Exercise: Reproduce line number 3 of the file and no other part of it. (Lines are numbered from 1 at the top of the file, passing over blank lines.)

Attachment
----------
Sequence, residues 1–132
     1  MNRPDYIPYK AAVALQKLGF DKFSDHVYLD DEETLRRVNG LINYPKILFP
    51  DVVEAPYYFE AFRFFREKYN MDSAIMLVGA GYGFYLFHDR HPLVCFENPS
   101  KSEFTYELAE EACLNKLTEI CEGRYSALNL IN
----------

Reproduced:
    51  DVVEAPYYFE AFRFFREKYN MDSAIMLVGA GYGFYLFHDR HPLVCFENPS